SH12095. Gold solidus, RIC VII Cyzicus 20, SRCV IV 16639 ($16,000 in EF), Depeyrot 16/1, Cohen VII 56 var., gVF, ex jewelry - edge repairs and gold jewelry solder, weight 4.046 g, maximum diameter 18.5 mm, die axis 0o, 5th officina, Cyzicus (Kapu Dagh, Turkey) mint, 324 A.D.; obverse FL IVL CRISPVS NOB CAES, laureate, nude bust left holding spear and shield; reverse CONCORDIA AVGG NN (harmony between our two emperors), Concordia seated left on throne, caduceus in right hand, cornucopia in left hand arm, SMKE in exergue; ex Jonathan Kern's personal collection; very rare; SOLD


Thracian or Germanic Tribes, Pseudo-Imperial Coinage, Mid 4th - Early 5th Century A.D.

|Celtic| |&| |Tribal|, |Thracian| |or| |Germanic| |Tribes,| |Pseudo-Imperial| |Coinage,| |Mid| |4th| |-| |Early| |5th| |Century| |A.D.||AE| |18|
This type was minted by and used as currency by tribes outside the Roman Empire in Thrace. It copied a Roman votive type issued under Constantine the Great. While the obverse is somewhat more similar to the Roman prototype, the reverse inscriptions are made up of only illiterate imitations of letters.
CE67628. Bronze AE 18, Imitative of Crispus types, for prototypes see RIC VII p. 379 ff. (official Roman, Ticinum mint, c. 320 - 325 A.D.), VF, weight 1.754 g, maximum diameter 18.1 mm, die axis 315o, tribal mint, mid 4th - early 5th century A.D.; obverse laureate bust left, illiterate blundered imitation of a legend; reverse blundered VOT X within wreath, illiterate blundered limitation of a legend around; SOLD


Barbarous Imitative, Constantine Dynasty Votive, c. 321 - 330 A.D.

|Unofficial| |&| |Barbaric|, |Barbarous| |Imitative,| |Constantine| |Dynasty| |Votive,| |c.| |321| |-| |330| |A.D.||imitative| |AE3|
A fantastic imitative with completely illiterate legends!
RL58487. Billon imitative AE3, cf. RIC VII Siscia 161 (Crispus, official, Siscia mint, 320 - 321 A.D.; ) and RIC VII 163 (Constantine II, official, Siscia mint, 320 - 321 A.D.), VF, well centered, attractive, completely illiterate legends, weight 2.534 g, maximum diameter 18.4 mm, die axis 0o, unofficial mint, as caesar, c. 321 - 350 A.D.; obverse CONSIII-SNSIIC (or similar, blundered), laureate bust right; reverse IIIIIIOIINNIISIII (or similar, blundered), VOT V within wreath, ISIS in exergue; SOLD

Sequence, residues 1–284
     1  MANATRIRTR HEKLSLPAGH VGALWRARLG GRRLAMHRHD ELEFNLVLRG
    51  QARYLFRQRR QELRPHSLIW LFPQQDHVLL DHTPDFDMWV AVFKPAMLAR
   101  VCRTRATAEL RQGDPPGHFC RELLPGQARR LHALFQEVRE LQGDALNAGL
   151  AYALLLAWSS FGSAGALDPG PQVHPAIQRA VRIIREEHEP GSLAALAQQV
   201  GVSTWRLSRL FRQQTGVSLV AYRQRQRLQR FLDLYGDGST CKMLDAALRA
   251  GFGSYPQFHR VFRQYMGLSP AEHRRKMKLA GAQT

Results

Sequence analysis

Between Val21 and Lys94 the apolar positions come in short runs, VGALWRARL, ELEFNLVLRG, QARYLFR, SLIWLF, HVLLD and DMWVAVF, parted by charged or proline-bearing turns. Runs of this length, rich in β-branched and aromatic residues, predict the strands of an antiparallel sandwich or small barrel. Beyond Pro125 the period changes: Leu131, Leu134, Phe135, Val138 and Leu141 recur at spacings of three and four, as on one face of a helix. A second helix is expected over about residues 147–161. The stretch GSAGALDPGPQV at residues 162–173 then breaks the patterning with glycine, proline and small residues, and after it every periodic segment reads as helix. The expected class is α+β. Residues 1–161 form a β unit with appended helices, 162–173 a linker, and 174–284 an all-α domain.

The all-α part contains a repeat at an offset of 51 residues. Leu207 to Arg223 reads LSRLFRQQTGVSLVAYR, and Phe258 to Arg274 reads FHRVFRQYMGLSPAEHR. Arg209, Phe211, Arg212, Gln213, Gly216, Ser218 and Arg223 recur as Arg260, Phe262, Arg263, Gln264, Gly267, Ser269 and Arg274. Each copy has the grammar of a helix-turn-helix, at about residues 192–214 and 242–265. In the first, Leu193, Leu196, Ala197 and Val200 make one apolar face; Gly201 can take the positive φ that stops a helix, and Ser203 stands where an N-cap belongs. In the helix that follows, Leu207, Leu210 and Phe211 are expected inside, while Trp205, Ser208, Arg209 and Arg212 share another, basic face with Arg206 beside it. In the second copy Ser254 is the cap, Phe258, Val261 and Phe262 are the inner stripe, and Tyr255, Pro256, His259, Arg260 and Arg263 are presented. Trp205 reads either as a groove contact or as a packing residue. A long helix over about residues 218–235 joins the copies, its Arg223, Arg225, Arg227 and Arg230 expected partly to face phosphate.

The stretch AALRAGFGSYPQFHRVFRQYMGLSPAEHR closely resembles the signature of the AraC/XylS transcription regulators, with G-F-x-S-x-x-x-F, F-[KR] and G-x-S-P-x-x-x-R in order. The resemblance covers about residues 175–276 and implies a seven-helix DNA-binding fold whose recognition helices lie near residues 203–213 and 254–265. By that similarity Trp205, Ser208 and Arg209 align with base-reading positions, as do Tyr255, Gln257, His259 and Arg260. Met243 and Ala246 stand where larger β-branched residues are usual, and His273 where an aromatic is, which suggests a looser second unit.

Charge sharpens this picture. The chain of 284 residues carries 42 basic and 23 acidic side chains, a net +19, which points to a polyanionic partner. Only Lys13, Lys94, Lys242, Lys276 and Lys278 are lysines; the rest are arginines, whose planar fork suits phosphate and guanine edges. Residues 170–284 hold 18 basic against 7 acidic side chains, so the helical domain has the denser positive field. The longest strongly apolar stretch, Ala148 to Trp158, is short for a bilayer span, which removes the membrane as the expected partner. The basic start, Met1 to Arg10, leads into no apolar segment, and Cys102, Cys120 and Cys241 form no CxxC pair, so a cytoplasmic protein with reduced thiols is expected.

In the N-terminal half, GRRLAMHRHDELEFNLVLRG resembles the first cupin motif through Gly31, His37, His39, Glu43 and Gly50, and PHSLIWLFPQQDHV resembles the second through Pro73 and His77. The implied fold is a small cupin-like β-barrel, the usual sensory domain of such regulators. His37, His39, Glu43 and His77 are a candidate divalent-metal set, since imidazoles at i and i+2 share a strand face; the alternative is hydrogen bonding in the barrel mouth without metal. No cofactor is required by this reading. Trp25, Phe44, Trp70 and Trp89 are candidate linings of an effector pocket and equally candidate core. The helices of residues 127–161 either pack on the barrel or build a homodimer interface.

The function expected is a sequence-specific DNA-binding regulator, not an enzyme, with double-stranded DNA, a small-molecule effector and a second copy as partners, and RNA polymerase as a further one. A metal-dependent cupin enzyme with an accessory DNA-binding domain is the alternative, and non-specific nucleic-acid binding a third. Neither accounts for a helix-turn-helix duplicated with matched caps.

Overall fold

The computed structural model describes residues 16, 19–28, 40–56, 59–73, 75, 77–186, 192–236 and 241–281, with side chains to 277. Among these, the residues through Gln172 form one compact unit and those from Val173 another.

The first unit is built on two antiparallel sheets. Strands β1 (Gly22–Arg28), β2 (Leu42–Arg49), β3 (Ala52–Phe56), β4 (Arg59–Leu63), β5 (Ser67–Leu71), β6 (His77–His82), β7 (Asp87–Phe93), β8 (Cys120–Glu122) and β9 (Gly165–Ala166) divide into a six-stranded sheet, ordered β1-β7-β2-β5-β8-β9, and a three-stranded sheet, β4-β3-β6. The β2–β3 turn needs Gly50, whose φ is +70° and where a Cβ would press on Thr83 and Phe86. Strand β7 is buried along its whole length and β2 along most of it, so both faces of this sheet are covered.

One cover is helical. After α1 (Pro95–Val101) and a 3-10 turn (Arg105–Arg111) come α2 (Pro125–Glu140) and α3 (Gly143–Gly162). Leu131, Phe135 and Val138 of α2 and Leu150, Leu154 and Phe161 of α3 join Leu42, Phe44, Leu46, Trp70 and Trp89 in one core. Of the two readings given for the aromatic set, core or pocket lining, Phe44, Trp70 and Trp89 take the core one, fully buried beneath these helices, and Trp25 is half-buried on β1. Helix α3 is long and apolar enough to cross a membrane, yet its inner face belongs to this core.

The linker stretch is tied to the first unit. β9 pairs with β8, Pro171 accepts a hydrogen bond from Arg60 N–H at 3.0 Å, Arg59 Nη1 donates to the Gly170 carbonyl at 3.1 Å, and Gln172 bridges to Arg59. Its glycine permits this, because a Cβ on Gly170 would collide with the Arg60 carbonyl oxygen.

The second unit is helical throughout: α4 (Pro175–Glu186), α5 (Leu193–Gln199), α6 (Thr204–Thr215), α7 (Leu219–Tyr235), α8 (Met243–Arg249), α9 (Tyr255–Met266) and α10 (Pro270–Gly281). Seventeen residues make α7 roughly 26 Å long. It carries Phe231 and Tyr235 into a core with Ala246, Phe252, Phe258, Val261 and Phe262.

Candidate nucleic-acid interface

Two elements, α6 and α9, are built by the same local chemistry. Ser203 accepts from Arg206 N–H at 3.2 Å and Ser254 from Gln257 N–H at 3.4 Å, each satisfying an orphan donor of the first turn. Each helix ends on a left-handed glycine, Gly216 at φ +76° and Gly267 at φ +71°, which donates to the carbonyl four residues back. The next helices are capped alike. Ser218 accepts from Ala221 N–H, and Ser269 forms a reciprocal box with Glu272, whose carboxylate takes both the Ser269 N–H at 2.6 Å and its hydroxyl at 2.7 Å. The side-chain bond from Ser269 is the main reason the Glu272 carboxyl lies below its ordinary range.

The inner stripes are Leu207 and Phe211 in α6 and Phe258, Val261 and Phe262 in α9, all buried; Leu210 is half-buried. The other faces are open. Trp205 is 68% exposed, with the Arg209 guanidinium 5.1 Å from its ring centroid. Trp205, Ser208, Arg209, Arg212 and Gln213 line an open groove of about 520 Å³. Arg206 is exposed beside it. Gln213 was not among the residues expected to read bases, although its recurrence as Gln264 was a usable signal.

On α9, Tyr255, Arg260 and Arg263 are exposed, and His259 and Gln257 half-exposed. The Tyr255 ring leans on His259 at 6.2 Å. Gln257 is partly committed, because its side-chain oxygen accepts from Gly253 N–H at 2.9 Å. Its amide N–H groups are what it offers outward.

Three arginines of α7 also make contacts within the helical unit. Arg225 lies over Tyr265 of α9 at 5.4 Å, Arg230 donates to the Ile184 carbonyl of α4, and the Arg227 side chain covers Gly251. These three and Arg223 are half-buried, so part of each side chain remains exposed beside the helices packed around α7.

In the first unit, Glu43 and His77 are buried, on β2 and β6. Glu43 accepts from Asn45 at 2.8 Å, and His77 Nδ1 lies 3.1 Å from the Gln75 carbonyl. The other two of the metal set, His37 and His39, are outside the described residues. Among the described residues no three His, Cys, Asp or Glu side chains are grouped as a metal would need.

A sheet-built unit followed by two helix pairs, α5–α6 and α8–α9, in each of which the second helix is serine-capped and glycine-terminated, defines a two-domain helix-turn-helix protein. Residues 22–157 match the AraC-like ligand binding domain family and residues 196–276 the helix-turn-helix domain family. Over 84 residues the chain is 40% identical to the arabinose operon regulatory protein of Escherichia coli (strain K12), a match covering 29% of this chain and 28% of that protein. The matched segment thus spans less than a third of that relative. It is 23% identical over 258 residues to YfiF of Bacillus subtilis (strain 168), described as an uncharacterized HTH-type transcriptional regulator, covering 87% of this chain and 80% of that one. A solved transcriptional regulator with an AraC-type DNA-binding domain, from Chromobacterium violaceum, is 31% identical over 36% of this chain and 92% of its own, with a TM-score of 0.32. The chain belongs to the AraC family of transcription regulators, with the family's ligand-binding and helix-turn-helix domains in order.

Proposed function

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OBVERSE| LEGENDS|

CRISPVSCAESAR
CRISPVSNOBCAES
CRISPVSNOBILC
CRISPVSNOBILCAES
CRISPVSNOBILISSCAES
DNCRISPONOBCAES
DNCRISPVSNOBCAESAR
DNFLIVLCRISPVSNOBCAES
FLIVLCRISPVSNOBC
FLIVLCRISPVSNOBCAES
IVLCRISPVSNOBC
IVLCRISPVSNOBCAES


REFERENCES|

Alfldi, A. "il tesoro di Nagyttny" in RIN 1921, pp. 113 - 190.
Bastien, P. Le monnayage de l'atelier de Lyon. De la rouverture de l'atelier en 318 la mort de Constantin (318 - 337). Numismatique Romaine XIII. (Wetteren, 1982).
Bruun, P. The Roman Imperial Coinage, Vol VII, Constantine and Licinius A.D. 313 - 337. (London, 1966).
Carson, R., P. Hill & J. Kent. Late Roman Bronze Coinage. (London, 1960).
Cloke, H. & L. Toone. The London Mint of Constantius & Constantine. (London, 2015).
Cohen, H. Description historique des monnaies frappes sous l'Empire Romain, Vol. 7: Carausius to Constantine & sons. (Paris, 1888).
Depeyrot, G. Les monnaies d'or de Diocltien a Constantin I (284 - 337). (Wetteren, 1995).
Failmezger, V. Roman Bronze Coins From Paganism to Christianity, 294 - 364 A.D. (Washington D.C., 2002).
King, C. & D. Sear. Roman Silver Coins, Volume V, Carausius to Romulus Augustus. (London, 1987).
Milchev, S. The Coins of Constantine the Great. (Sophia, 2007).
Paolucci, R. & A. Zub. La monetazione di Aquileia Romana. (Padova, 2000).
Robinson, A. Roman Imperial Coins in the Hunter Coin Cabinet, University of Glasgow, Vol. V. Diocletian (Reform) to Zeno. (Oxford, 1982).
Sear, D. Roman Coins and Their Values, Vol. IV: The Tetrarchies and the Rise of the House of Constantine: The Collapse of Paganism and the Triumph of Christianity, Diocletian To Constantine I, AD 284 - 337. (London, 2011).
Vagi, D. Coinage and History of the Roman Empire. (Sidney, 1999).
Voetter, O. Die Mnzen der romischen Kaiser, Kaiserinnen und Caesaren von Diocletianus bis Romulus: Katalog der Sammlung Paul Gerin. (Vienna, 1921).